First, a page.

Love, Love, Love at Lyric Hammersmith review: A witty, acerbic rumination on the generation gap

Published in City A.M., March ’20

Read on City A.M. online here

There’s a theory that, no matter how leftie and woke we might be in our youth, we all become Tories in the end. But how do we get there?

That’s the journey we’re taken on in Love, Love, Love, Mike Bartlett’s three-act drama which picks up with a couple, Kenneth and Sandra, in 1967, 1990 and 2011.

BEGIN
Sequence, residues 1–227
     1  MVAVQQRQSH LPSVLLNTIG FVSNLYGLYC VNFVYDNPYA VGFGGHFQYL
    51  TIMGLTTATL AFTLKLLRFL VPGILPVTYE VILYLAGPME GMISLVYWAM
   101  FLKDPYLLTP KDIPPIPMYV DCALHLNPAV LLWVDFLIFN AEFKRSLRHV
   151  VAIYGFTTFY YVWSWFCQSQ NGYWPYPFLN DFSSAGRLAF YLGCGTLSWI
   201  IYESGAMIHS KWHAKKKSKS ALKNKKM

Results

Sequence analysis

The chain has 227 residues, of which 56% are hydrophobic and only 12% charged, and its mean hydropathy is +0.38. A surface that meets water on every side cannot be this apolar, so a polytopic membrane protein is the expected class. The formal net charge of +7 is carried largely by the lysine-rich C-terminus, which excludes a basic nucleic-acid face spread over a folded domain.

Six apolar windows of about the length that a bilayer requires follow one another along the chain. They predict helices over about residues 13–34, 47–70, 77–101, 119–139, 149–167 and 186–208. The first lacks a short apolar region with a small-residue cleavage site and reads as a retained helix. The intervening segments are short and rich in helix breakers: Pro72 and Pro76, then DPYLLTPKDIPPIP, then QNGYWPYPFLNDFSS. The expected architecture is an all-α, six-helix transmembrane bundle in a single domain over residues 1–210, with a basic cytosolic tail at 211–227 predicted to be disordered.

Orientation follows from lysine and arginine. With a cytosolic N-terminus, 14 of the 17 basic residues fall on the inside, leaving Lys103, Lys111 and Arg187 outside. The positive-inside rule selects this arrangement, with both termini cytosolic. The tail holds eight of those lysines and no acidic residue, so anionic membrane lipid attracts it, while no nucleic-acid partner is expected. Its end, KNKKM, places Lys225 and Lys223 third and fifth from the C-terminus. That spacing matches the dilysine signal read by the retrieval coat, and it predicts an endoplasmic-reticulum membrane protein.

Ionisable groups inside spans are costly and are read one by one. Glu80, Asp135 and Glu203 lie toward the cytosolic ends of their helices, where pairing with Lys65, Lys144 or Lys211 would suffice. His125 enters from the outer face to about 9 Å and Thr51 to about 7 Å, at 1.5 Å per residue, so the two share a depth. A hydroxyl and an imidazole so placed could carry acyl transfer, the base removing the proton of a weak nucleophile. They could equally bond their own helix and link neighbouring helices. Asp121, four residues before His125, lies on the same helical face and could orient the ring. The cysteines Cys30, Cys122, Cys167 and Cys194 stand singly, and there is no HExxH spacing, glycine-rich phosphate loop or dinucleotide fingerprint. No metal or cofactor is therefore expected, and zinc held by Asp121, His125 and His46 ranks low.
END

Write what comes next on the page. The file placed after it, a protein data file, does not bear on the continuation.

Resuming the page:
They start off as a pair of pot-smoking students in swinging London, divert via a rather nice house in Reading to bring up their children, and end up as divorced Daily Mail readers, guarding their pension pots like animals guard their young.

Its observations are both witty and painfully realistic – Rachael Stirling’s hypocritical, wine-soaked Sandra hits all the right notes, and the glee among the millennials in the room is palpable in the final act when the couple’s daughter, Rose, screams at her parents to buy her a house.

Essential viewing for those on both sides of the generation gap.

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